The Haunting of the White House

Ghosts of the past have taken up residence in our nation’s capital. Dead concepts and those who carry them walk through the sacred halls of the White House oblivious to the living people that live outside of it. Like all ghosts, they can’t hear our cries for compromise or relief. They are deaf because they exist in a plain of existence that is long past—but they do not know it.

It is not a ghost’s responsibility to listen to the living however. If ghosts appear in our lives, it is our responsibility to resolve our unfinished business with them and send them on their way.

The ghosts that haunt the White House are using the ancient tactics of divide and conquer which only serve to weaken our collective resolve for working toward a better future for all. This is a golden opportunity for those of us watching this spectacle from the outside. We have an opportunity to see that these ghosts really have nothing to offer and take the necessary steps to banish them forever.

Furthermore, we can decide to exorcise the concepts of coercion and divisiveness as acceptable forms of governance. What we need is cooperation and progress, therefore it is our duty to demand it. If we don’t, we will remain haunted as new ghosts will appear and terrorize us in the same way.

Whether one believes in ghosts or not, there is certainly a mythology and psychology about them that is useful in whatever form they take. If we are being haunted, whatever is haunting us is always reflecting what we are frightened to face in ourselves. From a psychological perspective, ghosts invariably represent unfinished business that is coming into consciousness before we have had time to fully understand it and decide the correct course of action. This is why we tend to be frightened and run away from them. Denial never solves the problem. It also doesn’t solve the problem to be angry at the ghost and call it names. What is necessary is a full-on confrontation with the disassociated parts of ourselves so that we can once again be whole.

Our country is divided because our minds are divided. We are still holding onto fears that another person’s gain is our loss. We have not embraced the idea that all can win. We may believe conceptually that there is room enough for everyone’s needs and opinions, but we struggle with this in reality. We are being confronted with this fear in a fashion that is not irrevocable —there is still time to do things differently.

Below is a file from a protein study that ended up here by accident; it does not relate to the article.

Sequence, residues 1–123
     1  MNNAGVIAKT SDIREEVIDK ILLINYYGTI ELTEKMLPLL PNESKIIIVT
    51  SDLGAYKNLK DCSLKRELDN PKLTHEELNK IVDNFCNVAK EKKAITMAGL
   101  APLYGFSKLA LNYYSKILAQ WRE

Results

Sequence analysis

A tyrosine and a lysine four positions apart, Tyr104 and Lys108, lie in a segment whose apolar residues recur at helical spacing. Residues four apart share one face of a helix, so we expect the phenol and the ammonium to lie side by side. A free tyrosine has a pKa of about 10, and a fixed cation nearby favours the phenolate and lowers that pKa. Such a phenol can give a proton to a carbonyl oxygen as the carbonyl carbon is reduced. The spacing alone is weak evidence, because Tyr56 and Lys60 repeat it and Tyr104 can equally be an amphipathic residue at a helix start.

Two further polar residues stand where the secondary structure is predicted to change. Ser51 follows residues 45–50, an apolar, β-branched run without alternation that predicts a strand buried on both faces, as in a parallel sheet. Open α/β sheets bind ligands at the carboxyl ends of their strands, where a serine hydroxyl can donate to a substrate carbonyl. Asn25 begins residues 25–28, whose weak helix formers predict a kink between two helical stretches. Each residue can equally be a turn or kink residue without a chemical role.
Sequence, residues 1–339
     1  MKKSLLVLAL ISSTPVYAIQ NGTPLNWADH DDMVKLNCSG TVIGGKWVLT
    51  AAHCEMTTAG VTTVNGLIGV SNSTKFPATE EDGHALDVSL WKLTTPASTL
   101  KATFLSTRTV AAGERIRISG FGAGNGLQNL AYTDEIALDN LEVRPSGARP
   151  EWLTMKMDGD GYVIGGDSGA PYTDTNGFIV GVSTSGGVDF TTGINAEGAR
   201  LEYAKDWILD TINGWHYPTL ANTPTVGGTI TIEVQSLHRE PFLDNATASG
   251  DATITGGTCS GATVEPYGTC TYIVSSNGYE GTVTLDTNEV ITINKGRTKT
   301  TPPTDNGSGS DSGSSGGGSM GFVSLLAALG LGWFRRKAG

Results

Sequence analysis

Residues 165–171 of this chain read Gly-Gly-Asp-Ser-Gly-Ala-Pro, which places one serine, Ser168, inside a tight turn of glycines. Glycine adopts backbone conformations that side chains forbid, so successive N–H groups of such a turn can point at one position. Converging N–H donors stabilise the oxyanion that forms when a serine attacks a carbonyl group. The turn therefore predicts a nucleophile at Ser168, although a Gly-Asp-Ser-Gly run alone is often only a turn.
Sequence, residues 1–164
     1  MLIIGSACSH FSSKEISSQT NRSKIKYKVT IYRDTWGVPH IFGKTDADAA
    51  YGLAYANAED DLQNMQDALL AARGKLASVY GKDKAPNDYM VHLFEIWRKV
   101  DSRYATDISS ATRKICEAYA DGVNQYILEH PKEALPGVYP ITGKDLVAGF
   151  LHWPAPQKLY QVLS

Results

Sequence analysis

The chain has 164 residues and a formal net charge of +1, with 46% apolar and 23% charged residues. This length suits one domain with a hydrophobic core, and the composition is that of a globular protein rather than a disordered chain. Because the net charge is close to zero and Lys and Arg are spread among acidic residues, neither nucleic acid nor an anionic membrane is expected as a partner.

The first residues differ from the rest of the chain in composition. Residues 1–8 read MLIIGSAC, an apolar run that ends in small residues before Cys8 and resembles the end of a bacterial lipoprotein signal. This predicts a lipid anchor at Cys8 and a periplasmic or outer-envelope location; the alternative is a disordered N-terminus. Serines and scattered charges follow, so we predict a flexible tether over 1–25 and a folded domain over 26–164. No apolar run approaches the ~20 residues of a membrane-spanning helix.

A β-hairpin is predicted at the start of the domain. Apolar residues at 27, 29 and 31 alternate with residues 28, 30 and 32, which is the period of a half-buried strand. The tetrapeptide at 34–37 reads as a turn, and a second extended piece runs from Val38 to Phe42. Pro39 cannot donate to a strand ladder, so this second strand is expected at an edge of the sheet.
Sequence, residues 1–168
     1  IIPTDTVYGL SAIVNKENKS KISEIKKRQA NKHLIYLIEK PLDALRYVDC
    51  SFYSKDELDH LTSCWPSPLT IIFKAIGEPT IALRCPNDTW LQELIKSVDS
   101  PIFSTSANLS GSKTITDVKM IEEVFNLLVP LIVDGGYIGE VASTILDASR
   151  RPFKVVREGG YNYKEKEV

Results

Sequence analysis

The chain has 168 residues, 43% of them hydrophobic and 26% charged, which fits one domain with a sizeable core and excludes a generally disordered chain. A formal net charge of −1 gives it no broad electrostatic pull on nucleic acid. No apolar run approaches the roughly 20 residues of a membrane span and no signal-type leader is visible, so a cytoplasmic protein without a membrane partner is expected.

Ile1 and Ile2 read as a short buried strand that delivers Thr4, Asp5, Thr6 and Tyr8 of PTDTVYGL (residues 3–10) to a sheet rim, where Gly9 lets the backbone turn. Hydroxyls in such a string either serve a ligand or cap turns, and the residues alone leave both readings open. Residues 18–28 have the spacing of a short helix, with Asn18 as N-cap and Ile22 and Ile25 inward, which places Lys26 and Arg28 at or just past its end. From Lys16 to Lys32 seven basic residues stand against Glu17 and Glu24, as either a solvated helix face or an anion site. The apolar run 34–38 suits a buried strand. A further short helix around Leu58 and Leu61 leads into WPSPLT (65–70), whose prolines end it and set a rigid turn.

We are looking into the face of a ghost that is also serving as a very important mirror into our collective psyche. We all have fears of deprivation, change, and loss. We all have fears that one day there simply won’t be enough for us or that we will lose all that we have worked to build. We can behave irrationally when confronted with these fears. One coping mechanism that is used frequently in such instances is shutting down.

The solution to this is to open up. We have to share with each other. Sharing is how we will find our way through this difficult time, because the shutdown is quite literally becoming the cause of the very deprivation it is supposedly designed to protect against.

It is time to look these ghosts in the eye and tell them we no longer need them. Tell them we have learned the lessons they have come to teach us and bury the long dead concepts that have served to terrorize us. We need to move on from fear and face the truth that we are the cause of our own discontent. We must do this by taking ownership of our ability to liberate ourselves and claim what is, and always has been rightfully ours.

 

 

 

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